Information About Arrest Warrants & Outstanding Warrants
A warrant is a legal document that enables law enforcement officers to carry out a specific action against a person or persons, including placing them under arrest or searching their property for evidence of the commission of a crime. In the case of an arrest warrant, the officer is typically able to arrest the person named immediately, and will do so, as it is usually their agency that has requested the warrant in the first place. A person who has a warrant against them can be subjected to the action listed on the warrant at any time, in any place, regardless of whether or not they are actually guilty of illegal activity.
Should a law enforcement officer act on a warrant that has been placed against you, it is to your benefit to remain silent until you can secure the services of an experienced attorney. If you do not, you may say something that can be used to incriminate you in the court of law. At Martinian & Associates, we have considerable experience in helping those who have outstanding warrants, as well as those who have been charged with a crime. Our mission is to protect these individuals' rights and fight for the best possible outcomes in their case. We are available to assist you in regards to your warrant, and we will work tirelessly for a resolution that sees you able to avoid any significant legal action against you.
Understanding the Fourth Amendment Warrant Requirement
In most cases, a law enforcement officer's search, seizure or arrest can only be made if a warrant lawfully permits them to do so. However, this is not always the case. According to the Supreme Court, the wording of the Fourth Amendment allows for warrantless police conduct under some circumstances, assuming that it is still conducted reasonably. As defined by the Fourth Amendment, the following circumstances make permissible a warrantless police search, seizure and / or arrest:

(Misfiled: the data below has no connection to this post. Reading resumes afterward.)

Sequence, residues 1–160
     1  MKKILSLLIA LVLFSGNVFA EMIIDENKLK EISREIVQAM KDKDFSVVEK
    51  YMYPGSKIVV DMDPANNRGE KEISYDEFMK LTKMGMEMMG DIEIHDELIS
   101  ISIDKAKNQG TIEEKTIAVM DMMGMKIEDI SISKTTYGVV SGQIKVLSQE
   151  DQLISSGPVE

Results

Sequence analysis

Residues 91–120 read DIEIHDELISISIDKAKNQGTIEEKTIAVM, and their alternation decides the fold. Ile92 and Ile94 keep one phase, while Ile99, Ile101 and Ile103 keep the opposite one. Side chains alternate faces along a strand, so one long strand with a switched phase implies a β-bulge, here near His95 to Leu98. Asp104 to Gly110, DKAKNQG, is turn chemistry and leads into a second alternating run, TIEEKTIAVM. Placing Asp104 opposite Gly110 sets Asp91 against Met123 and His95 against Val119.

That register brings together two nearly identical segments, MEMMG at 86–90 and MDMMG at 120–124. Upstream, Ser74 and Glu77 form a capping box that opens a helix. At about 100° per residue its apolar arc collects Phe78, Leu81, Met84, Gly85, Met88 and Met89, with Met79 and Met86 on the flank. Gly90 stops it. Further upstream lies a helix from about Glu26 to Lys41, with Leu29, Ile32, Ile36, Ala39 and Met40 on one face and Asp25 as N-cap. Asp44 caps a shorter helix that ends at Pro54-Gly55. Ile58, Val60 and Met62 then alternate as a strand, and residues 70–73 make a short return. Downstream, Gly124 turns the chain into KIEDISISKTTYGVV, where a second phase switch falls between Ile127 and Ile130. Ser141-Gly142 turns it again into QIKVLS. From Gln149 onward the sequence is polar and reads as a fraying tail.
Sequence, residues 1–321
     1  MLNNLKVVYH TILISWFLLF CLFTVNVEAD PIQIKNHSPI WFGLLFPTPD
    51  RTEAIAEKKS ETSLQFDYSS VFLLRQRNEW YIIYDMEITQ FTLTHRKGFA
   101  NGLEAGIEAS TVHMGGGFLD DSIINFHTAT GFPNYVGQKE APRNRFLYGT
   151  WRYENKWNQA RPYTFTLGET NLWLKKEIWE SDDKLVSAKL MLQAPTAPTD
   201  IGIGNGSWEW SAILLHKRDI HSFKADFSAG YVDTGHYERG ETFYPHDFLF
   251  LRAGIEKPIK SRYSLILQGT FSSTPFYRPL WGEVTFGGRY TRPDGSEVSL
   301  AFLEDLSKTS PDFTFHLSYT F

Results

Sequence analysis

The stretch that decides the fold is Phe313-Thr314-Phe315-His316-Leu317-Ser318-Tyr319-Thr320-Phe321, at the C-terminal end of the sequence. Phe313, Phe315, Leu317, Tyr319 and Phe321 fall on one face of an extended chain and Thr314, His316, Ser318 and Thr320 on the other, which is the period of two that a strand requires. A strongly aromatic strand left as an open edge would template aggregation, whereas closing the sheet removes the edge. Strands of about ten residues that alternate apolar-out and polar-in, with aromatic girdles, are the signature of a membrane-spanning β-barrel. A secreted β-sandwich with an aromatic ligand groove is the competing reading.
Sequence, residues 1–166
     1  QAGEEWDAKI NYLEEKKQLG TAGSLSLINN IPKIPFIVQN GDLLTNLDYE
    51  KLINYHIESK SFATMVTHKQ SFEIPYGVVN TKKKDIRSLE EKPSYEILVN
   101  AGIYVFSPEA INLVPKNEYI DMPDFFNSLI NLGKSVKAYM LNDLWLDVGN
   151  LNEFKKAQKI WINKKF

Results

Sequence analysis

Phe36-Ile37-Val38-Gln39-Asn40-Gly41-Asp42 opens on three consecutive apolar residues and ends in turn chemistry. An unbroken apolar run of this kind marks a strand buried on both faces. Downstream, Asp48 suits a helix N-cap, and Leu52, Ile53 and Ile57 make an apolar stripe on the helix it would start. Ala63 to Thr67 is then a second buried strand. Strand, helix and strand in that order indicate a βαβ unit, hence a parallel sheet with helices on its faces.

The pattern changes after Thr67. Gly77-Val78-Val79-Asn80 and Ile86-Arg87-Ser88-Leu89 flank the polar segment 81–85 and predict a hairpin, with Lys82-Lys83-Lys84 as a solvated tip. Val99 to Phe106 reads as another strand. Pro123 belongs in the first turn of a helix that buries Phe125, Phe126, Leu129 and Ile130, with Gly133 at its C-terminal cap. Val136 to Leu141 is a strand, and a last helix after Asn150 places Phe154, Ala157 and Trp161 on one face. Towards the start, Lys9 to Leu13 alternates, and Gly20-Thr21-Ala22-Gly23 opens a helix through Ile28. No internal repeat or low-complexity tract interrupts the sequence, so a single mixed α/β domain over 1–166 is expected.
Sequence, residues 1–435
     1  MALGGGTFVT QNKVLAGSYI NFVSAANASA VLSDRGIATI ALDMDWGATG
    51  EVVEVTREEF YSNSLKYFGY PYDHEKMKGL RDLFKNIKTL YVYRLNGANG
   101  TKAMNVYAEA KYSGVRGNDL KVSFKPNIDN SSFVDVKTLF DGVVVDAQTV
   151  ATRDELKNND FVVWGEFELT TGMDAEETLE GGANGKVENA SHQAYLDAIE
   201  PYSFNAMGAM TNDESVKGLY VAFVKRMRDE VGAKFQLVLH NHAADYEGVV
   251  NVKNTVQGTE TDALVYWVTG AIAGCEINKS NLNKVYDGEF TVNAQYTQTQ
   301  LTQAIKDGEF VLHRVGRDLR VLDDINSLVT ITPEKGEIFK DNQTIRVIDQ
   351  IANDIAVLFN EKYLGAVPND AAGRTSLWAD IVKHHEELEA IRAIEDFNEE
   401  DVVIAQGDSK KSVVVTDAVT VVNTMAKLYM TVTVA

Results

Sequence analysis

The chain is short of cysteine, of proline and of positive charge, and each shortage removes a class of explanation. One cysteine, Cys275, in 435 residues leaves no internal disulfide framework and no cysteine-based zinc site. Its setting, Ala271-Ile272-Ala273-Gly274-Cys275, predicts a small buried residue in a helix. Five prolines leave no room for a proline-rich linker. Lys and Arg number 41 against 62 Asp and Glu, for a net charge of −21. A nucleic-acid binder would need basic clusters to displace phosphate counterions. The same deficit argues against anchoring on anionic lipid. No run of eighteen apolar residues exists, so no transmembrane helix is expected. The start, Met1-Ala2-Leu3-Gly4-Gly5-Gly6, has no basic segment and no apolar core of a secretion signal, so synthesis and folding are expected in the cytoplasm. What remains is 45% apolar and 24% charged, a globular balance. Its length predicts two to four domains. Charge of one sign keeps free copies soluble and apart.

- Probable cause existed in regards to a felony offense that was committed in a public arena
- Searches conducted after a lawful arrest was made
- Probable cause has ignited a police officer's suspicion that a motorist somehow violated a traffic law and should therefore be stopped, pulled over and searched (with the exception of a driver's car trunk, but for a few circumstances)
- Circumstances have led an officer to reasonably believe that criminal activity may be at play in a public arena
- "Exigent" (urgent) circumstances such as gun fire, fleeing, screaming or erupting fire have occurred
- Fixed checkpoints created by law enforcement officers looking to halt the passage of illegal aliens or cease drunk drivers from operating a vehicle
- A defective warrant prompted an officer to proceed under "good faith," unaware that his / her actions were actually unwarranted at the time they occurred.
While the Fourth Amendment has legally made such actions permissible, not always is the matter so clear-cut. It is not uncommon for an officer to argue his / her defense of actions under such circumstances when the case was anything but. It is therefore essential to the wellbeing of your future rights and freedoms to secure an aggressive, experienced legal defense attorney with the skills necessary to effectively represent you in court.